If you don’t speak Japanese, English won’t always help you 100%. You might need a direction, you might get lost or you might want to make sure you know what time your train leaves. For such situations, a local mobile SIM card for internet access will be very handy. Google maps will make your life a lot easier and you won’t have to struggle to make yourself understood. If you want to have the SIM card from the very first day of your arrival, you can order it online and have it delivered to the hotel where you will stay. We have used https://www.econnectjapan.com/pricing, but you can always choose what is most convenient for you.
7. Arrange your car rental in advance
Some places, like Fuji Mountain, have no direct access by JR. If you don’t have much time available and you don’t want to be changing buses to reach your destination, the best option is to rent a car. Once again, traveling during the peak season will decrease your chances to be able to rent a car from one day to another. Driving in Japan is easy, but be aware that cars drive on the left side of the road and have the driver’s seat and steering wheel on their right side. It is very important to make sure that you possess an International Driving Permit (IDP), as they cannot be issued in Japan, but you will have to request it in your home country in advance.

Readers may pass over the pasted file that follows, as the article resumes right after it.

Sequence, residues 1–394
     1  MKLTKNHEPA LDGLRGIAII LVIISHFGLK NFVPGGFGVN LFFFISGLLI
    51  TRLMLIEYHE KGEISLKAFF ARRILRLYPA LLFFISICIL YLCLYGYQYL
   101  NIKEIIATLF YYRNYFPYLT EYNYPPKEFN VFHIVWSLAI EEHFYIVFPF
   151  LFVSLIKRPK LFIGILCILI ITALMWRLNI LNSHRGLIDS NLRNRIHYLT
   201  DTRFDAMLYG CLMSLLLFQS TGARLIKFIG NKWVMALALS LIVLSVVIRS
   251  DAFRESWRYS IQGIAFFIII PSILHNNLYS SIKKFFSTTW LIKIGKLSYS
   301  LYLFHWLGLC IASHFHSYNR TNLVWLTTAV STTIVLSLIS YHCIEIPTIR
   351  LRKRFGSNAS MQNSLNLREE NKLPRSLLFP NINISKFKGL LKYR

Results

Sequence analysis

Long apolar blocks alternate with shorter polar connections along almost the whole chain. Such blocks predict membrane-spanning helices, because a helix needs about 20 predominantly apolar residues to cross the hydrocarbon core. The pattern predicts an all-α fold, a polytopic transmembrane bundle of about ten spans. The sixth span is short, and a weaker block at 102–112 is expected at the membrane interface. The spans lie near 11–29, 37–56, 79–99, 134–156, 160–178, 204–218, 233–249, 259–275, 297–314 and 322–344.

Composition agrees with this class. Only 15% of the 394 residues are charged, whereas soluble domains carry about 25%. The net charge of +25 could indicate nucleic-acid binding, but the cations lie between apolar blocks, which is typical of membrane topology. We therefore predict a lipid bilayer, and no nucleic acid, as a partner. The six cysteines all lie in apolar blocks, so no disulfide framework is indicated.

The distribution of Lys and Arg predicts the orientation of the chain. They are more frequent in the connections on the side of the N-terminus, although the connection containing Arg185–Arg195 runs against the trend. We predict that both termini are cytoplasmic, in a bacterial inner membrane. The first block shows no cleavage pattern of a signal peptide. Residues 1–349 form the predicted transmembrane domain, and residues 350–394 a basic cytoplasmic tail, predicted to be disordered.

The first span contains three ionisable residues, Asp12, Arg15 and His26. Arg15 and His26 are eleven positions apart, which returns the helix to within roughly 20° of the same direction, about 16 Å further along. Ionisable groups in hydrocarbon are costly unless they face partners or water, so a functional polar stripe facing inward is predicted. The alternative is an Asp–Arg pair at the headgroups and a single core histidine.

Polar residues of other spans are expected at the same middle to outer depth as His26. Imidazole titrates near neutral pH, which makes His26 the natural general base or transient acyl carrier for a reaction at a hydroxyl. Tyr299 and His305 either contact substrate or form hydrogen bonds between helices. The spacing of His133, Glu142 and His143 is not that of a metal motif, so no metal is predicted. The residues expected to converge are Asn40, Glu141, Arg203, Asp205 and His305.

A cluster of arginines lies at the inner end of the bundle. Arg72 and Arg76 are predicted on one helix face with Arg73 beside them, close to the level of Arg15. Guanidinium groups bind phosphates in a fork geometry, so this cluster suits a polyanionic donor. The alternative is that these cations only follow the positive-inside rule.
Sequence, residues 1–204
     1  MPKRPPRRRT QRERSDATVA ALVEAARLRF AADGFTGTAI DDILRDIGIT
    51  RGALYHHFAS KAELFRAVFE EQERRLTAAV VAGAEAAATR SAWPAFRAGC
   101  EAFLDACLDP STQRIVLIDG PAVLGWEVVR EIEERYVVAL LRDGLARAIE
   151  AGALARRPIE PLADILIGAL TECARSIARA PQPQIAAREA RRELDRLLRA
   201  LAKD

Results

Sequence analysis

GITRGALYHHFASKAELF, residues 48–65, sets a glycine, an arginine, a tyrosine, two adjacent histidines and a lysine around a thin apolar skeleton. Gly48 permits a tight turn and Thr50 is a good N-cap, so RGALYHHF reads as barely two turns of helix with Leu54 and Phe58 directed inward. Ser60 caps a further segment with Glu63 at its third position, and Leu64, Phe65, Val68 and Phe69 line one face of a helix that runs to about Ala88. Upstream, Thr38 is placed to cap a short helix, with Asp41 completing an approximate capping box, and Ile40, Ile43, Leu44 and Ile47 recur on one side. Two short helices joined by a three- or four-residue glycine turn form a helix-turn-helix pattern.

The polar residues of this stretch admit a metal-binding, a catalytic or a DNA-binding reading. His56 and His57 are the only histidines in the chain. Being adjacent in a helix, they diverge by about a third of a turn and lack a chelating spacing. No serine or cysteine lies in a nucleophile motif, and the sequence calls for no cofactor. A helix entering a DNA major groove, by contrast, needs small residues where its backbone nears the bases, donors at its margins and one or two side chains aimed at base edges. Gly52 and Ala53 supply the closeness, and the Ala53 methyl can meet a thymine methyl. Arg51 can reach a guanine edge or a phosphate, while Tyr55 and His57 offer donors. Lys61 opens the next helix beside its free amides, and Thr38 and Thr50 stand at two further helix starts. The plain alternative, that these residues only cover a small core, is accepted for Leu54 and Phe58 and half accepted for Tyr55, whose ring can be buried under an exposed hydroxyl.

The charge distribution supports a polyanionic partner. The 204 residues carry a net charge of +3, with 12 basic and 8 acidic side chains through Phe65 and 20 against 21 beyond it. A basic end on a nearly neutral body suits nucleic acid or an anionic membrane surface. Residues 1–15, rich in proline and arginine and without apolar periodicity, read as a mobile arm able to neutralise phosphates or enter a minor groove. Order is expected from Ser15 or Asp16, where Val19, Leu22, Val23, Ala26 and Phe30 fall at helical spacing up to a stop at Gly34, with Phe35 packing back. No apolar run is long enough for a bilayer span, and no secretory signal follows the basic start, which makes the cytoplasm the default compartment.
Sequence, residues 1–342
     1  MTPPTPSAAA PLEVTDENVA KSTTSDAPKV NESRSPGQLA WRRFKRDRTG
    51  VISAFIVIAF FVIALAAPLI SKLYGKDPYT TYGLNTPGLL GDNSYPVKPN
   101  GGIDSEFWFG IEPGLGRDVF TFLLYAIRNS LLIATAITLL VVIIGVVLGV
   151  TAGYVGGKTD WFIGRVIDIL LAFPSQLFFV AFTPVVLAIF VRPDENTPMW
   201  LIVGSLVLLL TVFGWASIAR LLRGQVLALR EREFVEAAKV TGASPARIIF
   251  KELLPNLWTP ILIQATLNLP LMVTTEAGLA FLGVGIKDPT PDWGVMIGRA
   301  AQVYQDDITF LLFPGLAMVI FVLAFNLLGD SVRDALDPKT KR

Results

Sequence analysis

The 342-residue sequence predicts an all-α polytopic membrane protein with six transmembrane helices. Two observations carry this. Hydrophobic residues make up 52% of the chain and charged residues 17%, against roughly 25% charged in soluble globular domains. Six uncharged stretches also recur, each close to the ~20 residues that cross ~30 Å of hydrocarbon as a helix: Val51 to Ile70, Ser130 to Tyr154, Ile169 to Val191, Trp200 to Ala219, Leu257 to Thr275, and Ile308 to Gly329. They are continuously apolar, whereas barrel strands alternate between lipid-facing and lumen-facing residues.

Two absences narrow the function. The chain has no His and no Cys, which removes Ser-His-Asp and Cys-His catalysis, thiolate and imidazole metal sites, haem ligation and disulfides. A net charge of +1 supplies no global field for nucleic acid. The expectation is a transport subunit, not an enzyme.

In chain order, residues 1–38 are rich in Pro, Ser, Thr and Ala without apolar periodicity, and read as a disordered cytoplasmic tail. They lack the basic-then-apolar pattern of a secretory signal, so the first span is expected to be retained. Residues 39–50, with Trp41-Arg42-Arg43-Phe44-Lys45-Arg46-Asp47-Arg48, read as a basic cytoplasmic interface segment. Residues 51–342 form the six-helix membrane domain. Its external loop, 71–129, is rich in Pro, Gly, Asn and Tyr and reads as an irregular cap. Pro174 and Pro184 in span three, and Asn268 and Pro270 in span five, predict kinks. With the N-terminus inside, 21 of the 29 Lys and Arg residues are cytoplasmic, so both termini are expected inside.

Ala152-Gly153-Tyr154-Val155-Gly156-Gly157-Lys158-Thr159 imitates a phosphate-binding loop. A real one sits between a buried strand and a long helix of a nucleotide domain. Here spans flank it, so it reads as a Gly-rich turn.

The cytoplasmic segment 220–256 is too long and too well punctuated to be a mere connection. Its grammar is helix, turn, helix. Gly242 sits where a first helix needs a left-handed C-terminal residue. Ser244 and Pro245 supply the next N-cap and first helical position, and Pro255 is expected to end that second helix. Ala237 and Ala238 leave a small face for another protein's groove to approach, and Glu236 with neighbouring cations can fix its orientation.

8. Pack efficiently
Traveling with a lot of luggage can be extremely annoying when you have to commute. If you have decided the route you will be taking, you can start planning your baggage. While commuting from one place to another is comfortable and easy in Japan, you should consider the fact that the train stations can get very crowded, especially during rush hours. In Tokyo, most of the trains tend to get packed and too many suitcases will give you headaches. As well, not all the stations are equipped with elevators or escalators and you will have to carry your stuff.
P.S. Planning a holiday takes time and energy, but it can also be fun and challenging. Personally, organizing our trip to Japan hasn’t troubled me much and we haven’t had a single incident while there. My last advice is to read as much as you can about it and make the best of it. An amazing source of information and inspiration has been for me http://www.japan-guide.com/. I am confident you will also find it useful and inspiring.